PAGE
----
Phu Langka National Park.
Navi: Wat Tham Chaiamongkol, Phu Langka.
All year daily 7-14.
Reservations possible 15 days in advance.
|Guided tours:||self guided|
|Address:||Tham Nakha, Pho Mak Khaeng, Bueng Khong Long District, Bueng Kan 38220, Tel: +66-.|
|As far as we know this information was accurate when it was published (see years in brackets), but may have changed since then.
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ถ้ำนาคา (Tham Nakha) was named after mythical shape shifters, snakes which are able to become humans. In Thai language Naka or Nakha means giant snake. In western literature the spelling Naga is more common. The reddish sandstone rocks of the area have an internal structure which creates quite unique patterns resembling the scales of a snake. This is quite common in the whole area. But here is a series of canyons or gorges in the sandstone which have a massive bulge with such scales. The result is quite unique: it looks like an enormous petrified snake which protrudes from the rock. So it was quite obvious to name the place after the Naga.
The parking lot is at the foot of the rock outcrop in the plains. From here you have to walk up to top of the hill in the hot and humid tropical climate. It's an ascent of 300 m and some 1,800 steps, first stone steps up the slope, then a series of iron ladders. The first staircase has a Naga on each side, later there are only iron railings. The trails are quite narrow, and you might want to wait if there is oncoming traffic on one of the iron staircases. Finally, you reach a plateau on top of the sandstone massive.
The round trail first goes to the stupas on the top of the hill, and the huge white Buddha statue. Then a trail leads to the heartbreak rock, which protrudes from the rim and looks more fragile than it is (hopefully). It's popular to make a picture from the side, so you can see that the slab is quite thin. From here a staircase goes down to a ledge along cliff and a small cave with numerous buddha statues. Here the good trails end, and there is a rather rough trail through the forest and a steep descent along a rope with knots.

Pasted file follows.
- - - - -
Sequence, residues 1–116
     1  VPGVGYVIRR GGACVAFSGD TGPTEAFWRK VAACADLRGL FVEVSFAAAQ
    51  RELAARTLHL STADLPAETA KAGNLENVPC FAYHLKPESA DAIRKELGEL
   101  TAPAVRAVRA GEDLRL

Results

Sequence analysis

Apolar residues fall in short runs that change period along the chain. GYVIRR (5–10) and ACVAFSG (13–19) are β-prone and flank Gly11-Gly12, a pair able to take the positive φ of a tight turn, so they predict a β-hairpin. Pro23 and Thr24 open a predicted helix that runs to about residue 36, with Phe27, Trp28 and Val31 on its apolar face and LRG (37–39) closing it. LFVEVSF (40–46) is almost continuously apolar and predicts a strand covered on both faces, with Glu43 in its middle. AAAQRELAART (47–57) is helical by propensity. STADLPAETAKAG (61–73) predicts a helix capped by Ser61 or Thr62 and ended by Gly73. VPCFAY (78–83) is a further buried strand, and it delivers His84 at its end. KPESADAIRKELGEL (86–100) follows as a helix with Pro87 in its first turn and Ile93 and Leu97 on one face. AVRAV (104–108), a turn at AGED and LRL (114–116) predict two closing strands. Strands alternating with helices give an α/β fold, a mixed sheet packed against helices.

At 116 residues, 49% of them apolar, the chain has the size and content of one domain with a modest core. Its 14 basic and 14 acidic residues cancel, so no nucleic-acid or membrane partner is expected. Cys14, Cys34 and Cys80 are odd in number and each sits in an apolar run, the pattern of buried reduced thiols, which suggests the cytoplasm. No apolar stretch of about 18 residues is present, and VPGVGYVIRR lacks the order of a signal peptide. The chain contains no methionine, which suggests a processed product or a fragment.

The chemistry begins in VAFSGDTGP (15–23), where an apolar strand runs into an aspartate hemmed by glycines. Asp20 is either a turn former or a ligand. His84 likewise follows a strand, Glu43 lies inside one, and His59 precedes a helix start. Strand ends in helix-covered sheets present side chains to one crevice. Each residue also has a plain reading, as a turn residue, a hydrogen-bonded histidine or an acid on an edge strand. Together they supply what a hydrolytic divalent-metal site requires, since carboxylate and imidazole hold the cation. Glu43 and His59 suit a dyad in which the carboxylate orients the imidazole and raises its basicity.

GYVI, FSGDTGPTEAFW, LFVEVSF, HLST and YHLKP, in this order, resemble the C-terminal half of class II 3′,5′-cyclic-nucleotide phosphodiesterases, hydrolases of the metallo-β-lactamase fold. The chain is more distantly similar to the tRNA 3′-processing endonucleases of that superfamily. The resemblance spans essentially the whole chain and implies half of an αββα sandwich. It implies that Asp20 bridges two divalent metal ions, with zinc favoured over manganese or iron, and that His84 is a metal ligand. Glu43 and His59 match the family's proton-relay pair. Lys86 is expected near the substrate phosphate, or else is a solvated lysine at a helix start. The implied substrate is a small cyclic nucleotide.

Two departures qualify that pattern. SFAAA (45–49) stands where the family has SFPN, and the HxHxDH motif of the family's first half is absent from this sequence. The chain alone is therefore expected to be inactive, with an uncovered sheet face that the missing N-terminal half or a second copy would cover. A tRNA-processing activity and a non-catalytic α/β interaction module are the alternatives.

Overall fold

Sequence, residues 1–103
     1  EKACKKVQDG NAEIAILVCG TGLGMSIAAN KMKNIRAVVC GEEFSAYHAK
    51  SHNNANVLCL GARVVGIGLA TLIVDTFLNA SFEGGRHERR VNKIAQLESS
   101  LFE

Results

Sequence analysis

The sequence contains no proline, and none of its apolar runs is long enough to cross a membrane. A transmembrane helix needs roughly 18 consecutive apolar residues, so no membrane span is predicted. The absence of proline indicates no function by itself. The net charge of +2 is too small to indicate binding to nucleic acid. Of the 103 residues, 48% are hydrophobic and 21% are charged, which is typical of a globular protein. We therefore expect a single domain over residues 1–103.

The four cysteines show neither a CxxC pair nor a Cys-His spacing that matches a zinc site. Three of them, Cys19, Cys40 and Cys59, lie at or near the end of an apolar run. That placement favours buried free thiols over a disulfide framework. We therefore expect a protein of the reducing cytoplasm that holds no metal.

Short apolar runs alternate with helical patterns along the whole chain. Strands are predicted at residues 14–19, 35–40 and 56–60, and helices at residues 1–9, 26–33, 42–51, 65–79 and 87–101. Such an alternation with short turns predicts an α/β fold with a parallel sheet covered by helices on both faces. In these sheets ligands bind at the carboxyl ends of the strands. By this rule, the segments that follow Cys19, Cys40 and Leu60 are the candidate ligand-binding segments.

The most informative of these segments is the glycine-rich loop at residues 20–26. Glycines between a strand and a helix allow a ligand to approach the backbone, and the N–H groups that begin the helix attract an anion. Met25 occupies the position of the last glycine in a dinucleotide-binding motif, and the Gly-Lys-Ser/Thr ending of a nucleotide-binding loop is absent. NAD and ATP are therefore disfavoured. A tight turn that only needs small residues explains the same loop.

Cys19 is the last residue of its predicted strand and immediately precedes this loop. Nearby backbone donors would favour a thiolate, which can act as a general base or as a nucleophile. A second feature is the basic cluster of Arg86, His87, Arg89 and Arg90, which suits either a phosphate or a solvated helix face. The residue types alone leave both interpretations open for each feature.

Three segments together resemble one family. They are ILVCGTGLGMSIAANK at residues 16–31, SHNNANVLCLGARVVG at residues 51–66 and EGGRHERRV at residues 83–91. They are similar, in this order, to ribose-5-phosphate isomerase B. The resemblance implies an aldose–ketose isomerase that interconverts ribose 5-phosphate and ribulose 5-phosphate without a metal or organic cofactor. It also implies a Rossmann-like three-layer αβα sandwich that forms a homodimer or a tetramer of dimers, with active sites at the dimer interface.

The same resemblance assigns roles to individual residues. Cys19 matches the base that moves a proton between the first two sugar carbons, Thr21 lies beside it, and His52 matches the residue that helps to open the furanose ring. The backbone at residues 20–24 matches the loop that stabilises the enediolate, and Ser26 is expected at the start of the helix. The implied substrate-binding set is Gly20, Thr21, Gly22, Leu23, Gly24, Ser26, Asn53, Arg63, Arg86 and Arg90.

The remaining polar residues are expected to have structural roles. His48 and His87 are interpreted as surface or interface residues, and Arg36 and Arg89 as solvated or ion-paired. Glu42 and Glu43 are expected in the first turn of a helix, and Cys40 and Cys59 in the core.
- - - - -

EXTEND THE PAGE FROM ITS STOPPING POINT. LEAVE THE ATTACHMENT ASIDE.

A grotto or overhanging cliff with a huge sandstone boulder follows. It is called the Head of the Naga because it has the form of a snake head and scales. Then a series of narrow canyons follows, and at many points the walls of the canyons also have the scales pattern. This is obviously the body of the Naga. At the end a staircase goes up to the plateau on top of the hill. Many locals walk through this maze with folded hands in prayer, it seems that the cave is a religious site, almost as important as the temples.
And finally you have to descend the 300 m and 1,800 steps to the parking lot. The whole trip is definitely a half day trip, which is the reason why the site closes at 2 in the afternoon. We suggest bringing enough water and a hat, probably sun protection.
The site is one of the most popular Buddhist temples and tourist sites in the province. On weekends and holidays it may be quite crowded. If possible you should visit early in the morning or make a reservation with the QueQ application of the National Park Service. It's possible to make a reservation two weeks in advance and 350 tickets daily are sold over the internet. You have to select Phu Langka National Park, the booking is free. The place is actually better known by the name of the temple, which is วัดถ้ำชัยมงคล ภูลังกา (Wat Tham Chaimongkol, Phu Langka).